Searching for Community in Words
Emily Bernard, writer, professor of English and ALANA U.S. Ethnic Studies at the University of Vermont—and mother—received a Creation Grant to support research for “Black is the Body: Essays.” The essays explore what it means to be at home in one’s skin as well in a society in which racial disparities continue to divide us. The following is an excerpt from “Mother on Earth.”
Perhaps because of the adoption stories I grew up with, our daughters have known that they were adopted from the moment they were capable of knowing anything. Some stories about adoption emphasize poverty or lack; a child unwanted or abandoned, a lost history. The stories we tell the girls are about bounty. You are adored on two continents, I tell them. You have two worlds, two countries, two languages, and two stories to tell about how you came to be. So far, this strategy seems to be working. One of their favorite babysitters did not know they were adopted until the girls told her. The babysitter reported to me that in response to this news she had said, “Ohhhh,” in a high pitch and put on a sympathetic face. Giulia knew the look. “Well, it’s not sad,” she explained.
For as many Ethiopians as there are in Vermont, exponentially more live in Washington, D. C. When the girls were two years old, we traveled to D. C. to meet our Ethiopian adoption liaison for dinner. It was his first visit to the United States. He had spent the day playing tourist, visiting monuments and museums. “Americans,” he said, “you know how to preserve your stories.”
We all met up at Queen of Sheba, one of the many Ethiopian restaurants in Washington. When I took Isabella to the bathroom, Giulia accompanied us but agreed to stay behind with the waitress, a beautiful young woman in traditional dress, who knelt and held Giulia’s hands.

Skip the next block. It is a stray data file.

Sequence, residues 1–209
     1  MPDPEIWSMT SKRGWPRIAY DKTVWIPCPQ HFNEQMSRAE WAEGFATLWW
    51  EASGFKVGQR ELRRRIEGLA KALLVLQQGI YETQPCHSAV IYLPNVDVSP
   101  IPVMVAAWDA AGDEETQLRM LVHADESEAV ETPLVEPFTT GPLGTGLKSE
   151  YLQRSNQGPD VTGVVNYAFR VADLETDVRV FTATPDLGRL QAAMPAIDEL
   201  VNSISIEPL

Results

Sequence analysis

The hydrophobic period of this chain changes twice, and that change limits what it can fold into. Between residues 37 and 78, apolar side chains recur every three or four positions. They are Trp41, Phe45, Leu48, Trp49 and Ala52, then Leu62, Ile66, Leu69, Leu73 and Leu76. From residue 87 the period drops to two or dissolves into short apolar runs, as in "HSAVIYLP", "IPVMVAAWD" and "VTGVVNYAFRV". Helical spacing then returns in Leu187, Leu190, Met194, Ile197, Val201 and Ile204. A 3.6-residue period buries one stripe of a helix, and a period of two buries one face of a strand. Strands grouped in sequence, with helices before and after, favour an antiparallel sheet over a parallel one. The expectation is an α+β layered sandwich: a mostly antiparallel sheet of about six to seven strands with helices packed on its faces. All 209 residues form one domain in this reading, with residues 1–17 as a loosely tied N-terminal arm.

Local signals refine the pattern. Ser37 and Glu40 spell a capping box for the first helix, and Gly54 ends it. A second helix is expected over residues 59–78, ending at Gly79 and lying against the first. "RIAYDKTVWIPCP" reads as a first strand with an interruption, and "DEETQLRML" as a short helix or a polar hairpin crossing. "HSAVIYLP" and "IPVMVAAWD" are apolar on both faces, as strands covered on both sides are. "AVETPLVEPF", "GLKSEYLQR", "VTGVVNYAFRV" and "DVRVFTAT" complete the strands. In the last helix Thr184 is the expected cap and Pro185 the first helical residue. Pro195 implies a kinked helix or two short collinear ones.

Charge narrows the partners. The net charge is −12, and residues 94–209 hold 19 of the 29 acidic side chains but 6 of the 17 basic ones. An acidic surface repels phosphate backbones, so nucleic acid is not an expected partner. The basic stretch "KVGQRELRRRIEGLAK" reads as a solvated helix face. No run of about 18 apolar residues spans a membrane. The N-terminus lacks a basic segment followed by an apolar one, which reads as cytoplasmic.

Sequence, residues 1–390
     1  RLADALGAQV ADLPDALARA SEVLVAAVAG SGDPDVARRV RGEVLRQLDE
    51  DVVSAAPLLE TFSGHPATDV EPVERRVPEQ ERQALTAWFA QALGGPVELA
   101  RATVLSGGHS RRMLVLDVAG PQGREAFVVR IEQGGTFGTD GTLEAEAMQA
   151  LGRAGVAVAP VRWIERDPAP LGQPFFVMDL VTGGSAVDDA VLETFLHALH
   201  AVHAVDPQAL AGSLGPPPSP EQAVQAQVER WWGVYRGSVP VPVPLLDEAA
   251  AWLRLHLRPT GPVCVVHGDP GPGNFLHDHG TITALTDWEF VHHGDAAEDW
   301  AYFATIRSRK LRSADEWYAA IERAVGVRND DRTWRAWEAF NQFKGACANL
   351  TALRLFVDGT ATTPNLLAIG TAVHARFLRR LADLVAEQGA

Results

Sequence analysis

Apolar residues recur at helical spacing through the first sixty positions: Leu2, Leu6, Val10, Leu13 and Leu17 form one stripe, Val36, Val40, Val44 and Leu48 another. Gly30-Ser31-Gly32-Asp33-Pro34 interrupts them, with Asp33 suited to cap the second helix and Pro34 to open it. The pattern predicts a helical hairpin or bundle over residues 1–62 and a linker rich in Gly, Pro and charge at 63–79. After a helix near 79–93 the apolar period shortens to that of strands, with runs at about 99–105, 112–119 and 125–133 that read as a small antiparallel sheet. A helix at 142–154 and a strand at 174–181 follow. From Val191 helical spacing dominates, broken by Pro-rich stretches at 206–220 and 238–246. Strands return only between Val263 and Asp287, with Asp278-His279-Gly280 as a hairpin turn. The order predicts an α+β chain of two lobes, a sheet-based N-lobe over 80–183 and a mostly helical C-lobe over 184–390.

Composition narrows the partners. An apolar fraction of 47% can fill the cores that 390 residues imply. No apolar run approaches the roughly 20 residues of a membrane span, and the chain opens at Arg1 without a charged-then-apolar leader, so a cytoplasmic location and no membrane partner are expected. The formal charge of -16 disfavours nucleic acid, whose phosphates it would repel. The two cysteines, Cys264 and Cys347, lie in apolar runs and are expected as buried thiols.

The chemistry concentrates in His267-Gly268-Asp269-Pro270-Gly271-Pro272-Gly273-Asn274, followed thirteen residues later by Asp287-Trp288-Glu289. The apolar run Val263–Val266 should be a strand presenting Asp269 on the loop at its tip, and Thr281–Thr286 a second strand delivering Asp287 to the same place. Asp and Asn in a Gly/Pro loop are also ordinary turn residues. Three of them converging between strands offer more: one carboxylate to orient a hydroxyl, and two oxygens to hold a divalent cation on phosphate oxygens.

“Twins?” asked the waitress when Isabella and I emerged from the bathroom. I nodded.
She asked me what part of Ethiopia they were from.
“Tigray,” I said.
I knelt with Isabella while the waitress began to speak to Giulia in Tigrinya. Giulia nodded and shook her head.
Then, Giulia looked at me and put her arm around my neck. She pulled me closer as her conversation with the waitress seemed to pull her deeper and deeper into memory. You belong to me, said her fierce two-year old grip. I leaned in until our bodies made a bridge between the present and the past. With all of my might, I assured her through my skin, And you belong to me.
We do belong to each other, but Giulia, along with her sister Isabella, also belongs to something and somewhere else. They belong to a history preserved in the recesses of their minds and hearts; in their bodies, too, perhaps down to the level of the cell. Where the girls’ identities reside in the worlds between past and present, there and here—that is a story that they will make up on their own.
There is one story that is unequivocally true, and that true story goes like this: I am their mother on Earth, their here and now. The one who prepares them for spelling quizzes, smells their breath to make sure they’ve brushed their teeth, and nags them to tidy their room—that’s me. I am the present and, with any luck, the future, too. As they grow older, questions about their past will not be the only ones I will not be able to answer. They will come upon other mysteries in their lives to unravel, and I will encourage them to view life’s mysteries as vitalizing and not crippling. But like everyone else who resides on Earth, they will have to go there to know there and, ultimately, find out about living for themselves.
Top left image: Emily Bernard with her children Isabella (l) and Giulia
This story taken from the Vermont Arts Council’s FY2015 Annual Report